it will be incumbent upon her to break in the new players and make them
feel like important parts of the team while making them understand exactly
how much hard work it's going to take for them to truly succeed. Alana
has felt the effects of bad team chemistry in action and the ways teams
can splinter into factions; it'll be up to her in large part to make sure
that this doesn't happen with the big new class. Duke will be a top 5 team
to start out next year so she must be aware that other teams will be gunning
for them and her in particular. The players from Tennessee and UConn will
certainly be looking to push Duke out of the national spotlight, while the
ACC teams that Duke has dominated the last few years will be hoping to make
up some ground. Alana is on the path to greatness, and can actualize her
potential to become Duke's best-ever player in the next two years. I'll be
very curious to see how she continues to grow as a player.

  • Best Games: Maryland (35 points, 11 rebounds, 8 assists, 3 steals),
    UNC (31 points, 8 rebounds, 4 assists, 3 steals), @UNC (26 points, 10 rebounds,
    5 assists), UNC in ACC Tourney (25 points, 4 rebounds), USC in NCAA tourney
    (24 points, 7 rebounds, 5 assists, 5 steals)
  • StatWise: Alana is 12th all-time in scoring at Duke with 1203 points,
    8th in assists with 267, 10th in blocks with 55, 3rd in steals with 220,
    and sixth in FT% at 76.9%. She led the ACC in scoring, steals & FG% and
    was 11th in rebounding, 2nd in assists, 6th in FT%, 3rd in assist/turnover
    ratio at 1.66:1, 10th in blocked shots and 7th in defensive rebounds.
  • Strengths: Mind-boggling quickness and speed, first step, aggressiveness,
    creativity, toughness, defense, clutch play, foul shooting, passing
  • Needs To Work On: Strength, decision-making, protecting the ball
  • Role: Primary defender, scorer and ballhandler
  • Must: Continue to step up her level of play, make her teammates better,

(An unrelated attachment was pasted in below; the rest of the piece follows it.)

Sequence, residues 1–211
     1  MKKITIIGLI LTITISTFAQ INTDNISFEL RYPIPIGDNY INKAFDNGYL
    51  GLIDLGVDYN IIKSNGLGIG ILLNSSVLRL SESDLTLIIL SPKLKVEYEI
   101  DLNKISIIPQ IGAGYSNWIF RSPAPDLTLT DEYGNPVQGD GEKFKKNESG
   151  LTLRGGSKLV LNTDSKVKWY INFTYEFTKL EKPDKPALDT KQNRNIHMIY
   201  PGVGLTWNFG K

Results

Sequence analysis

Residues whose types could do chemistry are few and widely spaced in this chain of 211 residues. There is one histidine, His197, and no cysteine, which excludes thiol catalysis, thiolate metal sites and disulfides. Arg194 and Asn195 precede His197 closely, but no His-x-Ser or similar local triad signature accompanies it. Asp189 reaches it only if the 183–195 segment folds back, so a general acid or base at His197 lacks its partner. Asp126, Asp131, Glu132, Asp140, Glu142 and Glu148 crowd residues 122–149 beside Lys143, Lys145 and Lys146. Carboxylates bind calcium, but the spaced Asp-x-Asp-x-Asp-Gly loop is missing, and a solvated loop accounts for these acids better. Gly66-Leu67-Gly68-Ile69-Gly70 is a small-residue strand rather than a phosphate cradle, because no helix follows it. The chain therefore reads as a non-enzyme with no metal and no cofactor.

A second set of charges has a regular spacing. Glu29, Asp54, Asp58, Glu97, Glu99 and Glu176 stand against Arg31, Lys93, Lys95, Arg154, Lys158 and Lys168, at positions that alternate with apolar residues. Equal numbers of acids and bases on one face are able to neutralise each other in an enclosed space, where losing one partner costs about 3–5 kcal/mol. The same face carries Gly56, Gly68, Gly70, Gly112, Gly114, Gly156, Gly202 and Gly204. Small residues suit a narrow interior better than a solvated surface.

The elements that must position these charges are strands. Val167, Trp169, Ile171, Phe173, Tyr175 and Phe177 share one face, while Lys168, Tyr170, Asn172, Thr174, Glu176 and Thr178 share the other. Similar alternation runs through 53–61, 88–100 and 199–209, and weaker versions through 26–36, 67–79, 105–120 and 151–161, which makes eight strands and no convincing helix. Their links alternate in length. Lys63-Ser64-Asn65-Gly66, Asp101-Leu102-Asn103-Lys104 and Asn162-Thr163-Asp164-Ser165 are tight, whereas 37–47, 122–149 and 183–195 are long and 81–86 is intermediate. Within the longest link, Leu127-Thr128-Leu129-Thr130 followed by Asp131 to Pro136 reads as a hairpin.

improve the range on her jumper

Vicki Krapohl

Season Recap: This may be my favorite story on the team. A player who was
long on heart but whose size and physical abilities made it difficult for
her to compete as a frosh worked astonishingly hard to improve her body
and game. She earned a starter's role on a team struggling to find itself
and not only proved to be a key piece of the puzzle on the court, her good
nature and youth proved important to uniting the team off the court. Simply
put, everyone on the team loved her and delighted in her success. Vicki's
story is that of a convergence of opportunity and labor. Duke had a number
of areas of concern going into this season: ballhandling, playmaking,
outside shooting and post play. If Krapohl could step up her physical
abilities, she had a real chance to contribute. She trained with the
Duke football team over the summer, going through the same drills that
they did and greatly improving her strength and toughness.

Vicki Krapohl
5-5 G So
4.2 ppg 2.7 apg 1.1 spg 47% 3FG
Notable 2002 Achievements: Team Heart & Hustle Award

While she did not excel in the early going of the season, it was clear
to all that having Alana Beard at point guard was not working. It wasn't
that Alana couldn't do it, but rather that it was limiting her potential on
the team--after all, she didn't have the team's best target (herself) to